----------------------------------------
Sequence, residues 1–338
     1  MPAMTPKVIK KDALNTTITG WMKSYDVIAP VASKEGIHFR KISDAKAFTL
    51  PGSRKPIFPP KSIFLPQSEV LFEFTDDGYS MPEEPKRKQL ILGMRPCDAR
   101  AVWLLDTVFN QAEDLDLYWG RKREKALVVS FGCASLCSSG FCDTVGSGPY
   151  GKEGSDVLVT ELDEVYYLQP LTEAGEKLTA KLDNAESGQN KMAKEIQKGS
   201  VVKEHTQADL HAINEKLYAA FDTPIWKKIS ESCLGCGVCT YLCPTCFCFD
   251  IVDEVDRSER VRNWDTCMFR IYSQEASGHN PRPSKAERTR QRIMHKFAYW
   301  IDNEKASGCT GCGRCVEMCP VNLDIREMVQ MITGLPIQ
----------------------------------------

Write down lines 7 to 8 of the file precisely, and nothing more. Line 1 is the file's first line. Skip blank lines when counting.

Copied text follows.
   251  IVDEVDRSER VRNWDTCMFR IYSQEASGHN PRPSKAERTR QRIMHKFAYW
   301  IDNEKASGCT GCGRCVEMCP VNLDIREMVQ MITGLPIQ